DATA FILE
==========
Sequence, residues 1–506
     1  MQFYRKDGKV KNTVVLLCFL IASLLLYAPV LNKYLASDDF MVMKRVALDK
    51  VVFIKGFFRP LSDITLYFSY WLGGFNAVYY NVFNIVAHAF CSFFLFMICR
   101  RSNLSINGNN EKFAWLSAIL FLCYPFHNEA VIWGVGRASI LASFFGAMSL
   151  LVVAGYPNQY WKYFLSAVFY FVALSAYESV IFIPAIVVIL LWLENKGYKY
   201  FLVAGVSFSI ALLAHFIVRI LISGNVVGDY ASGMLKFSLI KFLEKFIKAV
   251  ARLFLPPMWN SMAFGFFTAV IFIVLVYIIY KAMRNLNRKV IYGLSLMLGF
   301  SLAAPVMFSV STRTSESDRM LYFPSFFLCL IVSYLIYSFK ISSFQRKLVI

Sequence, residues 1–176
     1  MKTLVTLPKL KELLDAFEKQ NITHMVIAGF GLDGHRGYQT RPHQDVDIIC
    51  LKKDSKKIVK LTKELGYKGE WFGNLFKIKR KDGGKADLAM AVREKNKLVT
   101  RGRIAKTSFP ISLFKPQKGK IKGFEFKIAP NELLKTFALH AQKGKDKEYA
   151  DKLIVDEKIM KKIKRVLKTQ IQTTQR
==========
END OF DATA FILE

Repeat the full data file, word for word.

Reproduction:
Sequence, residues 1–506
     1  MQFYRKDGKV KNTVVLLCFL IASLLLYAPV LNKYLASDDF MVMKRVALDK
    51  VVFIKGFFRP LSDITLYFSY WLGGFNAVYY NVFNIVAHAF CSFFLFMICR
   101  RSNLSINGNN EKFAWLSAIL FLCYPFHNEA VIWGVGRASI LASFFGAMSL
   151  LVVAGYPNQY WKYFLSAVFY FVALSAYESV IFIPAIVVIL LWLENKGYKY
   201  FLVAGVSFSI ALLAHFIVRI LISGNVVGDY ASGMLKFSLI KFLEKFIKAV
   251  ARLFLPPMWN SMAFGFFTAV IFIVLVYIIY KAMRNLNRKV IYGLSLMLGF
   301  SLAAPVMFSV STRTSESDRM LYFPSFFLCL IVSYLIYSFK ISSFQRKLVI

Sequence, residues 1–176
     1  MKTLVTLPKL KELLDAFEKQ NITHMVIAGF GLDGHRGYQT RPHQDVDIIC
    51  LKKDSKKIVK LTKELGYKGE WFGNLFKIKR KDGGKADLAM AVREKNKLVT
   101  RGRIAKTSFP ISLFKPQKGK IKGFEFKIAP NELLKTFALH AQKGKDKEYA
   151  DKLIVDEKIM KKIKRVLKTQ IQTTQR